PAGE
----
By Sandy Laumeyer
Just a Thought 

Thankful for Every Drop

 


We all know how fickle Mother Nature can be. I don’t think there’s one month I haven’t seen weather that is unusual. Take this month -- June -- for example.

Normally we have a pretty decent growing season. But one year, the growing season was only 69 days. We had a foot of snow in mid-June. I’ve seen snow fall in every month except July and August.

One year, it was so cold in July, I remember wearing my winter coat as I watched the free show at the fair. I think that was the same year as when it snowed in June.

We’ve not had much rain so far this year. In mid-June of 1969, we had rain for 17 days in a row. Some days it was only a tenth or two, but other days [there] was a lot more. We couldn’t get any field work done. But we did get to visit with neighbors, play Whist and shared meals with friends. Come to think of it, that was the same year our 17 straight days of rain moved to Iowa. My mother passed away on July 16. When we got to Iowa, it was July 18, and we were informed it had rained every day from July 1 through July 17.


By the time we could get back into the fields, not only were the crops of pretty good height, but so were the weeds.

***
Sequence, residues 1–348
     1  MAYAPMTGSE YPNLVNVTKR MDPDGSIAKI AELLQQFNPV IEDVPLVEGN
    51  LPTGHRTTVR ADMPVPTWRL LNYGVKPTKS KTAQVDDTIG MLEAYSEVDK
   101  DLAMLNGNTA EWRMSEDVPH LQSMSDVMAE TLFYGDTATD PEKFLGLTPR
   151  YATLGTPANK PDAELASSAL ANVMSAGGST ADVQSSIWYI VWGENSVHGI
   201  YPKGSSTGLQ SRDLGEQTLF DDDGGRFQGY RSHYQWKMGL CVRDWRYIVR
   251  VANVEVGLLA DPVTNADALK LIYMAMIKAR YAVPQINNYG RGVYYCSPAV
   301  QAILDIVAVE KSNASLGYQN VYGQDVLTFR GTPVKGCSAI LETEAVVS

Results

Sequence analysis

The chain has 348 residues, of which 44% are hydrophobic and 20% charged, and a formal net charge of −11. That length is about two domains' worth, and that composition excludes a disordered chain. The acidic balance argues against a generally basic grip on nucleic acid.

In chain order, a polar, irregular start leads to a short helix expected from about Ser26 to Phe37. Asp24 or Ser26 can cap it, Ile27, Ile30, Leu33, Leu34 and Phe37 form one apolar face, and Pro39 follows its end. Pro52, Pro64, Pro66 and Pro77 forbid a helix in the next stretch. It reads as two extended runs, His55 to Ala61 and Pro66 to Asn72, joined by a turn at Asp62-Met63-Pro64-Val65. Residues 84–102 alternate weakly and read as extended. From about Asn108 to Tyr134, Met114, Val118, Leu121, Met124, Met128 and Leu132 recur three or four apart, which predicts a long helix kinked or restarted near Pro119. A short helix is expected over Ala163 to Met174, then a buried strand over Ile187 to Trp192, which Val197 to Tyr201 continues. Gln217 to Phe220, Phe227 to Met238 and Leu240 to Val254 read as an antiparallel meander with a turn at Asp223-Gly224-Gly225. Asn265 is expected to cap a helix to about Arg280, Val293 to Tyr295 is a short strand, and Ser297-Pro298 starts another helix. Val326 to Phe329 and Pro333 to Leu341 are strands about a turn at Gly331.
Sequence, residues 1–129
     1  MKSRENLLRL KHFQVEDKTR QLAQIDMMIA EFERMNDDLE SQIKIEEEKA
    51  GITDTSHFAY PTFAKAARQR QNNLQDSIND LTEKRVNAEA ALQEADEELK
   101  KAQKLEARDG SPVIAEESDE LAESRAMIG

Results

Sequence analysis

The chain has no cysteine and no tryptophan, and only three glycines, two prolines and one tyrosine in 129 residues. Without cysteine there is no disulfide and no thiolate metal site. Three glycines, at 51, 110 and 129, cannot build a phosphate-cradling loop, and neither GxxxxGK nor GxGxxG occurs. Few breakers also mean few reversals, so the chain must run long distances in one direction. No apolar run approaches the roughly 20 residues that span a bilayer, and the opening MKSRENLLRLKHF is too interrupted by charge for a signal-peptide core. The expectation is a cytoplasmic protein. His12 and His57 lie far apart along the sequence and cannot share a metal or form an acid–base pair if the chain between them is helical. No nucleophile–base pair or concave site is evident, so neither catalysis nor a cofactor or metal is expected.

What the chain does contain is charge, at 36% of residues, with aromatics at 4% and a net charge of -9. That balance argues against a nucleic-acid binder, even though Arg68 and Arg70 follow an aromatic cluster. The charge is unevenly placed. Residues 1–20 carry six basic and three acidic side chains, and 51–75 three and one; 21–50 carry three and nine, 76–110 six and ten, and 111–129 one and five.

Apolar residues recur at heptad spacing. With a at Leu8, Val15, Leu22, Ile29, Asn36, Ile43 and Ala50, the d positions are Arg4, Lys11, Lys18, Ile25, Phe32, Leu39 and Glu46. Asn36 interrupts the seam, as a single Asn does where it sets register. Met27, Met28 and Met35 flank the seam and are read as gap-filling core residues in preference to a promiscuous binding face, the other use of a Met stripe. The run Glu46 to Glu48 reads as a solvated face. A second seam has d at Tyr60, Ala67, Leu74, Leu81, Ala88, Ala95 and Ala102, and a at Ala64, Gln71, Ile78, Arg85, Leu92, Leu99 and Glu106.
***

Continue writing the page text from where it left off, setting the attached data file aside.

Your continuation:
Luckily, our first born was several months away yet, so I didn’t suffer insanity from young children not being able to go outside and play. Although with two teenage nephews and a teenage niece staying with us, it was probaby just as hectic. We were fortunate in the fact [that] we had neighbors who had teenage children, so that helped somewhat.

As well as excessive rain, we also experience[d] excessive drought in June. I was thankful I’d come up with a way to keep my garden watered so I didn’t lose all my vegetables. Some years before the drought hit, I’d gone to one of the bars in town and asked for empty whiskey bottles. The best part is that they were free.

I took home as many as I felt I needed, sterilized them, then filled them with water and turning them neck down, shoved one into the ground next to each tomato, green pepper, cucumber and cabbage plant. I placed several bottles along the rows of green beans, peas, kohlrabi, onions and corn. The bottles would have to be refilled every three to four days, but that was easier than watching my plants and winter food supply shrivel up and die.

When the rain keeps falling way past what we feel we need, we find ways to save some of that extra life-giving water.

Regardless, though, of the amount of rain we receive in June, I’ve learned to be thankful for every drop.

 

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